Divorce is always complicated, but the stakes are even higher when you are getting a so-called “gray divorce.” The divorce rate for people over 50 has doubled over the past decade. And many of them have been married for over 20 years. A big driving force is increasing life expectancy. Today, when you are 50 years old, it is easily conceivable that you will live for another 30, 40, or even 50 years. Even if your relationship with your spouse is decent, do you want another 30 years of the status quo? Or is it time for a change?
Marriages end for all kinds of reasons, including poor behavior, growing apart, boredom, and financial issues. But surviving a divorce after 50 comes with unique challenges:
Even if you had your retirement under control before you started pursuing a divorce, it is going to look a lot more uncertain after you are facing it. The prospect of losing a large chunk of your savings, perhaps even half of your retirement, can be a daunting realization.
The picture becomes even more complex because retirement assets are some of the most complicated to split during a divorce. Pensions, IRAs, and 401Ks all have different rules and requirements, as well as tax consequences and other complications.
Additional health concerns occur when you are over 50. You may have already experienced them, and others are essential as preventative measures. Your medical expenses have likely increased, and you might even be considering long-term care. To understand what options you will have available to you after the divorce is over, you must be well-informed throughout the process.
Your children are probably adults if you are getting divorced later in life. However, they are still an important concern as you proceed through a divorce.
The pain of watching parents split is never easy, no matter how old you are. Your adult children may intellectually understand that all relationships do not last forever, but you must still keep them at the forefront of your concerns. The future of your relationship will depend on it.
In addition, even though your children may be in college or working full-time, you may be accustomed to providing for financial support for them (or your grandchildren). Although divorce may be inevitable, you should realize that every dollar you spend paying attorneys is less support that you may be able to provide your children in the future.
In the coming guide, I am going to walk you through the key issues in a grey divorce, as well as some helpful tips to keep you from making financial mistakes that could hurt you for the rest of your life.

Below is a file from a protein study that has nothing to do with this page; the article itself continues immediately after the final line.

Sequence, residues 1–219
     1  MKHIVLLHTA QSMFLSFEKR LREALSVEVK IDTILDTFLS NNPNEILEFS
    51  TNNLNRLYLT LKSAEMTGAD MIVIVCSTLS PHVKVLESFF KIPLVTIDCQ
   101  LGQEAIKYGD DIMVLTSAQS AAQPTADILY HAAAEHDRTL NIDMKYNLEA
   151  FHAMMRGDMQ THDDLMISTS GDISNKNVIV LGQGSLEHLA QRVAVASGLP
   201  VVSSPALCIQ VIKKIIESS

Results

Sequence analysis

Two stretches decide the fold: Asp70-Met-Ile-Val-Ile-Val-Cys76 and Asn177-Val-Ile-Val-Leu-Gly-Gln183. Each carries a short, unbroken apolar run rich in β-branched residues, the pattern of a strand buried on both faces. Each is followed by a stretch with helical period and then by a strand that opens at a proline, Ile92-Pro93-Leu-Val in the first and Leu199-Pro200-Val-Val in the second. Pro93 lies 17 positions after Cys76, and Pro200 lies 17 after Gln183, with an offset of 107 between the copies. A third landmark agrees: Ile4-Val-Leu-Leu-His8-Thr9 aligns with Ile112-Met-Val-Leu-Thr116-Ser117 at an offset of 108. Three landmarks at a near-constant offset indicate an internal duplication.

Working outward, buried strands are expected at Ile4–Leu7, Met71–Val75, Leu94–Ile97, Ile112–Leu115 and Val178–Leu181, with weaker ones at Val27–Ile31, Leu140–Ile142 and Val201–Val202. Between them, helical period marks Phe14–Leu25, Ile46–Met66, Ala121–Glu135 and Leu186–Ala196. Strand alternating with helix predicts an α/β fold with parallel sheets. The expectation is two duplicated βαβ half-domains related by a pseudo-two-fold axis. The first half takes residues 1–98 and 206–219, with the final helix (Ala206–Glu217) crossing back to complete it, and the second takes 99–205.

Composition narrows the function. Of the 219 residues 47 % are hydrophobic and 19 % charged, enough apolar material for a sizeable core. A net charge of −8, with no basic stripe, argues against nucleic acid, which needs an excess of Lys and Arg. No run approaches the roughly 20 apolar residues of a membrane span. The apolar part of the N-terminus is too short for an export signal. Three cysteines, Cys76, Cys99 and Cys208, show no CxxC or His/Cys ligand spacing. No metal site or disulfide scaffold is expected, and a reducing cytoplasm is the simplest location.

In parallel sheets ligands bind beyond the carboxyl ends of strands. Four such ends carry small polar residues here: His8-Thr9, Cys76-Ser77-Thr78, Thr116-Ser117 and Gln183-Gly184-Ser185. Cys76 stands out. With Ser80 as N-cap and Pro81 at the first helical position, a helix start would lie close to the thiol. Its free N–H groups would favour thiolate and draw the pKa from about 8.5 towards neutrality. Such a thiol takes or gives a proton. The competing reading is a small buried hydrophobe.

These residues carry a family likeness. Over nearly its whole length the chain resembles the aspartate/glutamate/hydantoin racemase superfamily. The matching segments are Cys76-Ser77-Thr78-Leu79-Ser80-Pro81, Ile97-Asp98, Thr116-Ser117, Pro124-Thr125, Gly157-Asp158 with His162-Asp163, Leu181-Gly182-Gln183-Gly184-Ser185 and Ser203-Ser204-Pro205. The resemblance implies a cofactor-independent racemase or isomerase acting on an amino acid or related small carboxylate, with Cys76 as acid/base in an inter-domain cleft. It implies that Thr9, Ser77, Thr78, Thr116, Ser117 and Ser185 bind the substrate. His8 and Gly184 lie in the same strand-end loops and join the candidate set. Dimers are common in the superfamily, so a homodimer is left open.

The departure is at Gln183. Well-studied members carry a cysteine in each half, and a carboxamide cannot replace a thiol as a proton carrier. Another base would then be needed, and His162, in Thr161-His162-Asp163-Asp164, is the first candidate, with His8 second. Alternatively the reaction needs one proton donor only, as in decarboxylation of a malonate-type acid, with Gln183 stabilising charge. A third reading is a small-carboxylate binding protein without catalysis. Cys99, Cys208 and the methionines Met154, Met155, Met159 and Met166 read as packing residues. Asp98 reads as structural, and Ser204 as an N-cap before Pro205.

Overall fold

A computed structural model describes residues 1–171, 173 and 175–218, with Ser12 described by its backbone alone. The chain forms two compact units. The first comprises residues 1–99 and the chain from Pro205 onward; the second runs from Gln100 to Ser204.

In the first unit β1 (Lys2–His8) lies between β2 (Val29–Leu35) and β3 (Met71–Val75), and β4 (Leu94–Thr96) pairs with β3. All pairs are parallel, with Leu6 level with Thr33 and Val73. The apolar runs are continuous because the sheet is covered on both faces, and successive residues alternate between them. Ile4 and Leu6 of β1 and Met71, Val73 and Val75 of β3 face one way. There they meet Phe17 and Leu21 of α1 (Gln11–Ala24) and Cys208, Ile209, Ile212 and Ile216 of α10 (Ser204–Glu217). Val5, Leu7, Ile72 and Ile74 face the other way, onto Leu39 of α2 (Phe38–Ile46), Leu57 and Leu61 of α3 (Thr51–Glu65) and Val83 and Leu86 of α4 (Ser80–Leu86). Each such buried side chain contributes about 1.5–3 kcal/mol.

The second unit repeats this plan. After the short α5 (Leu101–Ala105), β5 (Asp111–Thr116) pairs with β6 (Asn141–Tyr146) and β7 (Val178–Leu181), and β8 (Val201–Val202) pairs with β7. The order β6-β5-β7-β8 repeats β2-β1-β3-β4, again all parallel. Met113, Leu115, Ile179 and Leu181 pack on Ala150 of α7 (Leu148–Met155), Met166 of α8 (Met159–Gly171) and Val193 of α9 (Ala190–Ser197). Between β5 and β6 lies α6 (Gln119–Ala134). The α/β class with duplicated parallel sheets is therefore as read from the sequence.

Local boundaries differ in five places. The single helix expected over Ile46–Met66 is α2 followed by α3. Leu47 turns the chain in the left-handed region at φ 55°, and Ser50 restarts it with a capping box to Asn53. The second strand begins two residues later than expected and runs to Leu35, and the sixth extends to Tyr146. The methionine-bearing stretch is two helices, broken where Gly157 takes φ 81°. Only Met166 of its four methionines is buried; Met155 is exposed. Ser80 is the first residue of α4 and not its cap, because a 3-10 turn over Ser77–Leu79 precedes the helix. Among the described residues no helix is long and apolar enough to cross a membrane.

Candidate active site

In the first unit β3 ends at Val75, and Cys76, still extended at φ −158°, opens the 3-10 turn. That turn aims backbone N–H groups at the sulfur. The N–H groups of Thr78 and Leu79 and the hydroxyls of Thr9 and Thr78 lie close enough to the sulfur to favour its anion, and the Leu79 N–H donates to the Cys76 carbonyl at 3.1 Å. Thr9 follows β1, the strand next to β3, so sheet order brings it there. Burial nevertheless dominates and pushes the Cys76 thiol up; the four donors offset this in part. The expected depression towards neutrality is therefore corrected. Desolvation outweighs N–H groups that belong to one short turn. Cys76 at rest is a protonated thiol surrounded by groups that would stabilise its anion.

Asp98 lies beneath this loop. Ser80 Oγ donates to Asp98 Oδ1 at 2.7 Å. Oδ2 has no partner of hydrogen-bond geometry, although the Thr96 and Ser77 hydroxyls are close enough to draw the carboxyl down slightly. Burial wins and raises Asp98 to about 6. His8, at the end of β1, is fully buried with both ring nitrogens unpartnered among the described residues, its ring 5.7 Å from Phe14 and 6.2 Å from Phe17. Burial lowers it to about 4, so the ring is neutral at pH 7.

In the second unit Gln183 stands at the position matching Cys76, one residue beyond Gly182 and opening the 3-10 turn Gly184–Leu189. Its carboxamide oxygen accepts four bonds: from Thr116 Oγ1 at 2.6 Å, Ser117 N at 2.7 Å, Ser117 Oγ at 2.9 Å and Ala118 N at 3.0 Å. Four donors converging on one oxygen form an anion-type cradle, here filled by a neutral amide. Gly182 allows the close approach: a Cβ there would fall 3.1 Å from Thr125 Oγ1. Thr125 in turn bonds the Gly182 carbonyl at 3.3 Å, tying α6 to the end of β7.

Divorce does not have to be a fight. The traditional litigation method may be the least effective way to split, so you should investigate two alternatives: mediation and collaborative divorce. If you are civil with your spouse, you should seriously consider these methods:
Mediation occurs when you hire a neutral third party, such as a retired judge, to help navigate all the issues in your divorce or resolve particular sticking points. In order for this third part to be the mediator, both you and your spouse have to agree on this person.
You can both still have attorneys help you navigate your wishes and negotiations, but the process is generally less formal and contentious. You, your spouse, the mediator, your attorneys, and any other advisors, such as a Certified Divorce Financial Analyst, sit in a conference room and knock out the key issues.
The downside to mediation is that the outcome is non-binding. If you do not come to a resolution, or if one of you changes your mind later, then the process could be waste of time and money. You will have to do your homework, think about the relationship with your spouse, and really consider if mediation will work for your situation.
Collaborative divorce is another method to seriously consider. It is structured on the premise that trying to fight and “win” is a poor way to resolve divorce. Collaborative divorce is actually a better idea than trying to sit down and solve problems. You and your spouse will work with a team of collaborative divorce professionals, and come up with a more amicable settlement (that is mutually beneficial).
At the outset of the collaborative divorce process, you, your spouse, your attorneys, and other advisors must commit to this process—in order to come to a resolution. If you do not, you may end up having to go to court. Then your attorneys and advisors have to resign from your case.
The goal is to come up with a peaceful resolution to your divorce without a fight, so there is a strong emphasis on mediation and negotiation.